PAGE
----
McLEAN, Va., April 2 - Researchers at the first meeting of the Human Proteome Organization, or HUPO, struggled on Monday to hash out a role for the group in the rapidly evolving field of proteomics research.
While attendees agreed in principle on the benefit of a body to foster discovery and prevent discord between academic and industry scientists, they disagreed over how exactly the organization should coordinate public and private research.
Although the organization currently "exists only in spirit," one of the founders, Ian Humphery-Smith, a proteomics researcher at the University of Utrecht in the Netherlands, said HUPO now has 24 council members from European, American, and Asian universities and companies. Korea recently became the first government to agree to collaborate with the organization, he added.
In a panel discussion on day one of the first annual HUPO meeting, academic researchers tended to stress their desire to be included and insisted that all data generated from the protein project be placed in a public database.
"All data should be made freely available," said Trevor Hawkins, director of the Joint Genome Institute of the Department of Energy in Walnut Creek, California. "We're not in the position to say which data should be fully available and what not."
Predictably, many industry scientists advocated a more laissez faire approach to regulating proteomics research, emphasizing that making all data public would remove the incentive to rapidly develop applications with benefits to human health.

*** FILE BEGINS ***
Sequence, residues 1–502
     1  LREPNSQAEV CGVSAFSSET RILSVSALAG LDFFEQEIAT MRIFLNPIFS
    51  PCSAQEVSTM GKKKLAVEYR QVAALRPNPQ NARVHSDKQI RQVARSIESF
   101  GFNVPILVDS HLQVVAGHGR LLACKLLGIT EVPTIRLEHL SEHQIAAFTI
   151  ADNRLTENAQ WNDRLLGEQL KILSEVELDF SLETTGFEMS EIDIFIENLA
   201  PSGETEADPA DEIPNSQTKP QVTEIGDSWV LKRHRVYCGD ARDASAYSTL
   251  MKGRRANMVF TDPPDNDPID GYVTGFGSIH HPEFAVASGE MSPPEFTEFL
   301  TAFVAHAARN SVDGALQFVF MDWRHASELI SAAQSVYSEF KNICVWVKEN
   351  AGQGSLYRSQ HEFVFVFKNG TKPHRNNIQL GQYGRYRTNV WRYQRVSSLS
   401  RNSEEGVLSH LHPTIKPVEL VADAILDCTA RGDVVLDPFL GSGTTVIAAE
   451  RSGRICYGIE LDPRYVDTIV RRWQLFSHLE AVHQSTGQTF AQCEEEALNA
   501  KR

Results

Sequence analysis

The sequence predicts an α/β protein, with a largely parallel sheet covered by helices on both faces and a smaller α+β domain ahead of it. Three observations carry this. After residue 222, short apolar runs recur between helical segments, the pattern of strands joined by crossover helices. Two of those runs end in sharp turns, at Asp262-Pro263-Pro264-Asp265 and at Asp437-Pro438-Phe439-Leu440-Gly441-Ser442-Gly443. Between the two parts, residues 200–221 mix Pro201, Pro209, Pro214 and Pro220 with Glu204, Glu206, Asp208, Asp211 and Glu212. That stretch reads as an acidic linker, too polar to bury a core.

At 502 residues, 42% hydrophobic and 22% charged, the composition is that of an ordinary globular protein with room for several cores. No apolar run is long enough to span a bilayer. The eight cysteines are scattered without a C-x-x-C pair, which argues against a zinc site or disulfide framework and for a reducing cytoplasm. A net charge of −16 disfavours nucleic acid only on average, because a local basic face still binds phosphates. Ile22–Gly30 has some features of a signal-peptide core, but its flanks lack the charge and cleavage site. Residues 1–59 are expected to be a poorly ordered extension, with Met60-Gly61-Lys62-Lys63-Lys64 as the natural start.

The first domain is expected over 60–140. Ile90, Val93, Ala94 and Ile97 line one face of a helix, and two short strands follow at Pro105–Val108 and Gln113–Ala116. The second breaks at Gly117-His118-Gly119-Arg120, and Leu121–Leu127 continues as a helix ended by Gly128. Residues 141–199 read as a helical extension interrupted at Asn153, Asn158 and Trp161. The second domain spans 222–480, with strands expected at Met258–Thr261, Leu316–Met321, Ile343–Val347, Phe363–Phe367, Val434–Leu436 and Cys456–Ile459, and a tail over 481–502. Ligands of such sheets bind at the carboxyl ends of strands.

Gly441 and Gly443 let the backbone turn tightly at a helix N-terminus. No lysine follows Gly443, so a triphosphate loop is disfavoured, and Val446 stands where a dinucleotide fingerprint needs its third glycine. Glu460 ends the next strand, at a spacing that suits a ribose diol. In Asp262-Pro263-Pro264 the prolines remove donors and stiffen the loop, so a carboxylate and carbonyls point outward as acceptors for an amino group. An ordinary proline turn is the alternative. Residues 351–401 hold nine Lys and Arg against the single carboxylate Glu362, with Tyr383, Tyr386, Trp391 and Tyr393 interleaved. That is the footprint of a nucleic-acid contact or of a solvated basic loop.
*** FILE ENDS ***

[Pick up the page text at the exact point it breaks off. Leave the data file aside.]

"Almost the best thing is something totally chaotic," said Leigh Anderson, CEO of Large Scale Proteomics, which has assembled an initial version of an index of human proteins. "The limiting of duplication means delay, and the public interest is diametrically opposed to delay."
In Humphery-Smith's vision, HUPO would be "commercially-driven, facilitated by governments," and should promote proteomics research rather than coordinate specific projects. "It needs now to have involvement from funding agencies around the world, obviously bringing in funding but also to be involved in the decision-making," said Humphery-Smith.
But some researchers expressed doubt that such a diverse field that incorporates so many technologies could ever be successfully stewarded. Given that the Human Genome Project involved just two competing technologies, the ABI 3700 and Amersham MegaBACE, said Emanuel Petracoin, a scientist at the US Food and Drug Administration, it would be difficult to know which proteomics technologies to support.
"We need to be inclusionary, and evaluate all the technologies fairly," he said.